Doc. 44-2, Deed of Trust at p. 8 of 15, ¶ 9 (emphasis added).

         Colorado law limits the lender's expenses - with some possible exceptions regarding expenses in the foreclosure process itself - to those which are reasonable or appropriate. C.R.S. § 38-38-107. The statute governing the Bank's bid likewise restricts the lender's additional costs to “estimated reasonable costs and expenses of holding, marketing, and selling the property, net of income received.” C.R.S. § 38-38-106(6) (emphasis added). Cf., National Canada, 868 P.2d at 1139 (remanding for determination of reasonableness of the attorney fees and costs bank sought in deficiency action). See also San Miguel Basin State Bank v. Oliver, 748 P.2d 1342, 1345-46 (Colo.App. 1987) (reversing and remanding deficiency judgment in part because there was no evidence that the attorney fees added to the debt in foreclosure were reasonable); In re Lederman Enterps., Inc., 106 B.R. 674, 677-78 (Bankr. D. Colo. 1989) (“In general, Colorado has recognized the right of lenders to have reasonable costs and fees allowed in connection with foreclosure actions, ” emphasis added).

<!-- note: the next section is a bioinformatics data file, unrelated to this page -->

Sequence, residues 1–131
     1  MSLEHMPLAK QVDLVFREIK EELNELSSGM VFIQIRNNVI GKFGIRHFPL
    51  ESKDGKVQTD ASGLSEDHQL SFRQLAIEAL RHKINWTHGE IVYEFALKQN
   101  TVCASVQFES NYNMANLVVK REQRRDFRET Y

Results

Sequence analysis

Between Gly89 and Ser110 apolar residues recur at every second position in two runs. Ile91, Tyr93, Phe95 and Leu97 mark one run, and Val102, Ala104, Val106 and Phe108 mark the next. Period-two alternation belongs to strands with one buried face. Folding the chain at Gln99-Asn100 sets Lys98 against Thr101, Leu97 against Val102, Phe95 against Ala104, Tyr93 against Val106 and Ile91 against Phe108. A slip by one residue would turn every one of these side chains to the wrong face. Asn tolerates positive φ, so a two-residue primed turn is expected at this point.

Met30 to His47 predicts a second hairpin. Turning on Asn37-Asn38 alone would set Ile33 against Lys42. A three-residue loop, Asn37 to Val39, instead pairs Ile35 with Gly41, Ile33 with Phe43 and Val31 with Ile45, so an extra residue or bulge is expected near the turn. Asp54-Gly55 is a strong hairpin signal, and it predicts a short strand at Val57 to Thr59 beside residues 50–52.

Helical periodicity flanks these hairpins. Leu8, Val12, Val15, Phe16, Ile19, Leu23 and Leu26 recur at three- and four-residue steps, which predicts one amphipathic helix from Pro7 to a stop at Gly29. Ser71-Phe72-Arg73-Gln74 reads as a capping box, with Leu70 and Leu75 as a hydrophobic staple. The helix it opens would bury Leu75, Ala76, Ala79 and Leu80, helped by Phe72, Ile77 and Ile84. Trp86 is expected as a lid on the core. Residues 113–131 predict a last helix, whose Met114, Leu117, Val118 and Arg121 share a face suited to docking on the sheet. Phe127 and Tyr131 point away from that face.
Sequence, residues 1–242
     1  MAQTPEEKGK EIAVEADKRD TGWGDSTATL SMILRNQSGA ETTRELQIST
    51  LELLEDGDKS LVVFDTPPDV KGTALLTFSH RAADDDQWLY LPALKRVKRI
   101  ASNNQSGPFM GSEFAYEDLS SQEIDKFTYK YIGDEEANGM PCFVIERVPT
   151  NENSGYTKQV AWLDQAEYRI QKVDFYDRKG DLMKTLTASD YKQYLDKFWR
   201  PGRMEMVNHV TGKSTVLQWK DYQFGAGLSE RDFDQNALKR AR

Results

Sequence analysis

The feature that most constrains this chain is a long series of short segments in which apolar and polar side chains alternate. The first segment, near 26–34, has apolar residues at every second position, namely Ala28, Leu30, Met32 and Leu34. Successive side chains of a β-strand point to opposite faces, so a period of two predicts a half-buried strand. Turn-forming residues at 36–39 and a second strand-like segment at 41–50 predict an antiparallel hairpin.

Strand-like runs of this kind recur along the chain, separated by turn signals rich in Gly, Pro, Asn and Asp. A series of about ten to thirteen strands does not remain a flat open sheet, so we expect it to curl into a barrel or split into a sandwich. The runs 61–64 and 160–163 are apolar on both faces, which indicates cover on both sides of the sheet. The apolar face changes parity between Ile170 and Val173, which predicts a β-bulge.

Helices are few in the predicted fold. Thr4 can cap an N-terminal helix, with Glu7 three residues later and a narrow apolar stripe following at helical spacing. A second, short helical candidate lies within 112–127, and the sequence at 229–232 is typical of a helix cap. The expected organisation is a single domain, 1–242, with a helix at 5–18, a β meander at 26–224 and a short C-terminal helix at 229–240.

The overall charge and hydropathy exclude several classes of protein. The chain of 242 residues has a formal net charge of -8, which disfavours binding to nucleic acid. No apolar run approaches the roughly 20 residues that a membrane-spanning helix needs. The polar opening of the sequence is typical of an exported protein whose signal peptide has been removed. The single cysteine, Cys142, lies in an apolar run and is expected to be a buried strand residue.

As to Mr. Cuevas, the Bank does not need evidence to support the amount of the debt. Mr. Cuevas failed to answer the Bank's requests for admission. The certificate of service on the requests states the Bank served them to Mr. Cuevas by U.S. mail at the mailing address he has given for use in this case, and by email to his gmail account. Doc. 44-6 at p. 9. Counsel for the Bank advised Mr. Cuevas, by mail and email, that it had not received answers to the requests for admission within their due date and requested answers by September 30, 2017. On September 29, 2017 Mr. Cuevas emailed the Bank's counsel, stating he would send responses in a few days. But the Bank never received them. Doc. 44-5, Affidavit of Taylor T. Haywood ΒΆΒΆ 3-5. He thus has admitted all facts which the Bank requested ...